Friday, 19 May 2023, 12:22
The news that we have a tumour always comes as a tremendous blow. We suddenly find ourselves in a cloud of disbelief, especially if it is a type of cancer we never thought would affect us, but we are told it has.
Lung cancer, which is becoming increasingly prevalent, is one of them.
"This illness is affecting more women, more non-smokers and younger patients nowadays," warns Dr Margarita Majem, who is the vice-president of the Spanish association for research into lung cancer in women (ICAPEM).
The problem with this change of profile - lung cancer is being contained in men but cases among women have not stopped increasing for years - is that as the cases are unexpected they are detected later than they should be.
And, with all cancers, time is of the essence in tackling the disease and, in this particular case, is particularly essential.
"It is important to warn people about this, to prevent them being diagnosed too late," says ICAPEM.
Why has there been this change in the profile of lung cancer patients, when until recently they were almost exclusively mature male smokers?
"The fact is that the health authorities have focused so much on persuading people to give up smoking and on checking smokers because of their enormous risk of getting lung cancer, that they have not paid as much attention to the causes of the illness. But after smoking, it appears that the principal risk comes from radon gas, air pollution, asbestos and even genetic causes which are currently being researched," the association says.
Also, if someone smokes and gets lung cancer, that is nearly always assumed to be the cause and other possibilities are not explored further.
Radon is second only to smoking as a cause of lung cancer, including in people who have never smoked a cigarette in their lives. And in smokers, the risk increases exponentially. "The World Health Organization estimates that between 3% and 14% of deaths from lung cancer are related to radon," warns Vivessinradon.org, a project developed by the Institute of Geoenvironmental Health. "The threshold below which exposure to radon does not pose a risk is unknown," says José Miguel Rodríguez, the head of the programme. Where is this radon? It is a carcinogenic gas which is produced naturally in the subsoil, especially in areas where there is granite (Galicia, Extremadura, parts of Madrid and Castilla y León), and it filters into the atmosphere through cracks in the ground. It normally dilutes in the air, but if it enters buildings due to porous materials or cracks in basements and foundations, it can concentrate and become a risk for people who live or work there. This is why measuresments need to be carried out. The Vivessinradon platform is calling for this to be done, and it also wants legal measures to protect the population to be implemented more rapidly.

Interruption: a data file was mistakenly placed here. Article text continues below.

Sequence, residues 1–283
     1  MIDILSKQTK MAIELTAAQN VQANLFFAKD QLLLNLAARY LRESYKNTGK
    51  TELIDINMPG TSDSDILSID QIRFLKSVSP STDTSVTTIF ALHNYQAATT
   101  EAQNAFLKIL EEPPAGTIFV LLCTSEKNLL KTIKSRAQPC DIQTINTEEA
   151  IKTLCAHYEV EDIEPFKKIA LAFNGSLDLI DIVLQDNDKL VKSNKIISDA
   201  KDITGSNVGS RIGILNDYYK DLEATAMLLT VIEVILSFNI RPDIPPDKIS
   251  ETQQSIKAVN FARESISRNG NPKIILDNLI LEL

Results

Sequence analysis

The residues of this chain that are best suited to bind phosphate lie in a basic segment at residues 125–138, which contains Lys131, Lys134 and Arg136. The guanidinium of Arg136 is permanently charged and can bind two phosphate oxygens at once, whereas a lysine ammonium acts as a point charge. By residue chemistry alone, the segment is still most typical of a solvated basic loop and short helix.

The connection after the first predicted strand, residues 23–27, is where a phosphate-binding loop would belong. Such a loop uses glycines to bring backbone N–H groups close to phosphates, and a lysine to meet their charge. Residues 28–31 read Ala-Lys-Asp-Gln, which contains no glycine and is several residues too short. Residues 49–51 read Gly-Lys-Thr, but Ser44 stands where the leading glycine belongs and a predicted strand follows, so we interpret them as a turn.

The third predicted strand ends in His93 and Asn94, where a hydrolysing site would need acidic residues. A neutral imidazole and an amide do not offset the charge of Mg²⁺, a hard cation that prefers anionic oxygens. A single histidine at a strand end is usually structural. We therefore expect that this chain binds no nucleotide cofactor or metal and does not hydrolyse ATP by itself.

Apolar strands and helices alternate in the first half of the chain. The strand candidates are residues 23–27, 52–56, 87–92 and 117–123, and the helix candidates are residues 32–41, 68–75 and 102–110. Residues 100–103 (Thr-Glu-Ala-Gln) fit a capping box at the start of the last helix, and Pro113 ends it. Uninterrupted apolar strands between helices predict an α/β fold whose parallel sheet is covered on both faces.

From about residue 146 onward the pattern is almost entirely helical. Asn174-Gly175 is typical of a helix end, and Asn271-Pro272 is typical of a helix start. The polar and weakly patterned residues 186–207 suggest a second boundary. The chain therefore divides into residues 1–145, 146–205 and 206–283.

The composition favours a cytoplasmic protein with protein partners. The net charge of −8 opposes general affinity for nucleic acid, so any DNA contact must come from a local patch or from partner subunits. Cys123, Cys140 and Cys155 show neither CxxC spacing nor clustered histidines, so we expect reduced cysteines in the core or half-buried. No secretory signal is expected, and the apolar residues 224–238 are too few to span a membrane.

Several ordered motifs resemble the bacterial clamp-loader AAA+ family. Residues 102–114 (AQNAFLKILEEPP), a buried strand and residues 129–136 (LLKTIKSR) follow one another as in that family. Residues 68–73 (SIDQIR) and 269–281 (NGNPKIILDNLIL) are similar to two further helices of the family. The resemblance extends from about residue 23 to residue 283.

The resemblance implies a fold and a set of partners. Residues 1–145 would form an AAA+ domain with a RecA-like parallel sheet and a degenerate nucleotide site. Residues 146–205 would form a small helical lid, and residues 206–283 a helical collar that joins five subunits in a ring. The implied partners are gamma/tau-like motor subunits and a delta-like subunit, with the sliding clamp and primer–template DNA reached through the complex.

The failure to look more deeply into causes other than smoking is leading to some unpleasant surprises. If a woman who does not smoke, or a young person, develops the first symptoms of lung cancer, it is possible that they will ignore them and not go to a doctor. And if they do go, the doctor may not be alarmed or order tests until it is serious and, on many occasions, by then it is too late.
The truth is that detecting lung cancer early in people who do not smoke is difficult, because the first signs of the illness can be confused with an ongoing infection, for example. These could be weight loss with no apparent cause, a persistent cough (sometimes with traces of blood), a feeling of constant fatigue, pain in the chest, a whistling sound when breathing... and that is why ICAPEM is calling for work on prevention, which focuses mainly on smokers, to be expanded. And the association's findings are backed up by the figures.
Lung cancer is now the third most common tumour among women in Spain, increasing by around four per cent a year, with almost the same increase in mortality. In fact, it is now the third cause of death among women in this country (it accounts for 12 per cent of total deaths from tumours).
It is estimated that last year between 8,500 and 9,000 women were diagnosed with lung cancer in this country.
The fact that cases are also increasing among young people - although lung cancer is still prevalent among mature adults - and women has given rise to a worrying reality:
"The numbers are still low but it is becoming more frequent for women who are diagnosed with lung cancer to be pregnant, and of course their condition means there are limitations on the treatment they can be given," say scientists at ICAPEM.
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